Indiana Pacers History: the Malice at the Palace
The darkest night in Indiana Pacers history. A league altering evening. The Malice at the Palace was an unforgettable event.
November 19, 2004, a date that will live infamously in the history of the NBA. An evening that featured a rematch of the 2004 Eastern Conference Finals in the home of the reigning NBA Champions. It was an evening that is not defined by the game that was played, but by the decisions that were made that would alter the history of two of the blue blood Franchises of the NBA – the Detroit Pistons and the Indiana Pacers.
In early 2004, the Indiana Pacers were looking to establish themselves as a juggernaut in the East. This game was an important one. The Pacers, despite being knocked out the previous postseason by the Pistons, had stewed all season knowing the best team in the East resided in Indianapolis, not Detroit.
Rick Carlisle, then-head coach of the Pacers, viewed this matchup as a statement game. He wanted to prove that they were better and stronger, that the road to a repeat would have to go through Indianapolis.
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It was Carlisle’s decision to keep his players fighting in a powder keg when victory was already theirs; they were up 15 points with only 45 seconds left. Both sides wanted to damage the other all in the name of making a statement.
It was Jamaal Tinsley’s decision to remind Ron Artest that there was still time to repay a debt of a hard foul committed in the previous season. There was still time for Artest to get back at Ben Wallace.
It was Artest’s decision to listen, to play with matches, to get even.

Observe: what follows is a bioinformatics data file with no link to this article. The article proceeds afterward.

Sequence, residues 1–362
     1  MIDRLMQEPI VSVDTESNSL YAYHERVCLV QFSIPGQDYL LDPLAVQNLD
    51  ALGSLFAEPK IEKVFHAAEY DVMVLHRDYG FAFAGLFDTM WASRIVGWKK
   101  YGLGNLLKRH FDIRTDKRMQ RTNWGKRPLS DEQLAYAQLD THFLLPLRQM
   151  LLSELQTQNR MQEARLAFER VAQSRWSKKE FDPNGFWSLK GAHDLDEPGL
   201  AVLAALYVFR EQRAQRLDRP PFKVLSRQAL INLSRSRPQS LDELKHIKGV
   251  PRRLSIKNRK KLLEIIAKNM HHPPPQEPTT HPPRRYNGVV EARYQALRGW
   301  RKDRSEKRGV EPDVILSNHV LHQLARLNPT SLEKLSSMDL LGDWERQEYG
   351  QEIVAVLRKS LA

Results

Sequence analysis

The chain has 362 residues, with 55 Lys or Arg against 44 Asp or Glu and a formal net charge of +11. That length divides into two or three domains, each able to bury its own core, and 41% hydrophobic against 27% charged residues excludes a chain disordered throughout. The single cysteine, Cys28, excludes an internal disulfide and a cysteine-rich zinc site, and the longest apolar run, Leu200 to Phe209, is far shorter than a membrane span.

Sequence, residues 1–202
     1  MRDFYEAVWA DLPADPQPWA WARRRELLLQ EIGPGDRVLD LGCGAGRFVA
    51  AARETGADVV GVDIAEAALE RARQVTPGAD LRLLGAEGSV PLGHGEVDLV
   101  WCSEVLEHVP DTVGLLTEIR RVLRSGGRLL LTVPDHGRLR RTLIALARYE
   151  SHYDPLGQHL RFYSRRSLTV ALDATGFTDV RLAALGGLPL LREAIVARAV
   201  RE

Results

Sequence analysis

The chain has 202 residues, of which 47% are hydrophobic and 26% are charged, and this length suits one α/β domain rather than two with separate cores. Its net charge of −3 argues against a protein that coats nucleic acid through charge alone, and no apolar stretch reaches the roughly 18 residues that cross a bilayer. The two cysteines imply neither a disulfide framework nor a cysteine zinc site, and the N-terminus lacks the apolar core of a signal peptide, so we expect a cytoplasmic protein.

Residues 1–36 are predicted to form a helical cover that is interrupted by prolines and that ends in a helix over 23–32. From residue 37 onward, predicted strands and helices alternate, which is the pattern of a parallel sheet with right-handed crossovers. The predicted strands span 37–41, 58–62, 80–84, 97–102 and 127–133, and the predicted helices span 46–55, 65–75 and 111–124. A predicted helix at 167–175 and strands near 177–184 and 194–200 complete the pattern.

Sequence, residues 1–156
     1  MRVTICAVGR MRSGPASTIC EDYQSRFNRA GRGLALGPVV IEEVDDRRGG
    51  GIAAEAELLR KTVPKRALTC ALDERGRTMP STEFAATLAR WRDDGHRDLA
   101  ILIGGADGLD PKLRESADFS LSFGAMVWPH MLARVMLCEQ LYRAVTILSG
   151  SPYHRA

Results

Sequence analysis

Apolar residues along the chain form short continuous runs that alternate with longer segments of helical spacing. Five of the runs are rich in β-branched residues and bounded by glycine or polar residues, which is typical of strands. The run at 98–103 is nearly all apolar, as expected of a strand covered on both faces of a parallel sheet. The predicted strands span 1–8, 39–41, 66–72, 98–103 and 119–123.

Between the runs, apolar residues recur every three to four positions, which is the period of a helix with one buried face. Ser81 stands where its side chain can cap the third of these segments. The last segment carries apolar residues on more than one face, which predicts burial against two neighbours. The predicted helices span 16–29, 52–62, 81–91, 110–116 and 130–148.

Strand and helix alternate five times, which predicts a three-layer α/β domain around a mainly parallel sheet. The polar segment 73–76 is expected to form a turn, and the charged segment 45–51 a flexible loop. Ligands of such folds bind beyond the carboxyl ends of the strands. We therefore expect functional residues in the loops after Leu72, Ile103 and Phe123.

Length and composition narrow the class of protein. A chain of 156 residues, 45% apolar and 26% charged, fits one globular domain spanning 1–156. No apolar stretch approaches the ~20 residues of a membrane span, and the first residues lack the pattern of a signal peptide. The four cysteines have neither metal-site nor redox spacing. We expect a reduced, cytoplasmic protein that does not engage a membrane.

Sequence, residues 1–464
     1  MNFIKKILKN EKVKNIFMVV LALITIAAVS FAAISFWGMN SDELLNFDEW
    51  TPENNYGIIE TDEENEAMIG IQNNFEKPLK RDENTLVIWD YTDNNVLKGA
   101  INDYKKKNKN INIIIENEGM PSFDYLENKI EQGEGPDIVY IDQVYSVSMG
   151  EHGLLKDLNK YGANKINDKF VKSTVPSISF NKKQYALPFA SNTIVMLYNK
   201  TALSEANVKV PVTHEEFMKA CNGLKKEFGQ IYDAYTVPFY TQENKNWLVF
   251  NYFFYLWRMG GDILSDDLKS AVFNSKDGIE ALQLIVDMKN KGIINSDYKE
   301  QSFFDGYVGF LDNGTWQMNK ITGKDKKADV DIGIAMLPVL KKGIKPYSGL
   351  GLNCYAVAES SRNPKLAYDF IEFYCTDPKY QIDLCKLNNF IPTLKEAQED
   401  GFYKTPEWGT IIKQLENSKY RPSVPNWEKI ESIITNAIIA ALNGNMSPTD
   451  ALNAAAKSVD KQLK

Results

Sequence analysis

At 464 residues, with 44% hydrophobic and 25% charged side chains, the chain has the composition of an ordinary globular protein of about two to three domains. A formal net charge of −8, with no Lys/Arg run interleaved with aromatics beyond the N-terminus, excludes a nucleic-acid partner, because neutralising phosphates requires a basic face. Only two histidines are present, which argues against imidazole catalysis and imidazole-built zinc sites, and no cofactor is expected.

After Wallace had gotten to the basket and converted an easy layup, Artest shoved Wallace on his way to the ground. Wallace did not fall, only stumble. He shoved Artest, igniting what should have been a easily ended scuffle. Instead, emotions, held in for an entire summer, began to break.
Players from both teams met in front of the scorer’s table, officials and coaches trying to separate the two teams. Wallace and Artest were straining to get to one another. Indiana Pacers legend Reggie Miller, who began the season on Injured Reserve with a broken finger, guided Artest to the table, having him lay down to mentally cool off.
After a few moments, players began to retreat to their benches, officials had diffused the situation and were attempting to wrap up the game. Artest was on the scorers table, being patted and consoled by Miller. There was still anger in the stadium, but it was under control.
But a man, and more specifically a Pisonts fan, named John Green was still angry. It was his decision to throw a cup, still filled with some liquid, at a calm Artest. It took only a few seconds for the cup to reach Artest, and in a few moments, the brawl began.
Artest, who was calm only moments before, lost it. He jumped off of the scorers table, trampling anyone in his way. He had his sights on Green.
Artest ran up the stands with his eyes locked on the fan while Green still shouted at him. Once Green realized that Artest was not stopping, his anger morphed into surprise and fear right before Artest grabbed his head and threw him to the floor.
What followed were words that have been immortalized with this moment, “Artest is in the stands!”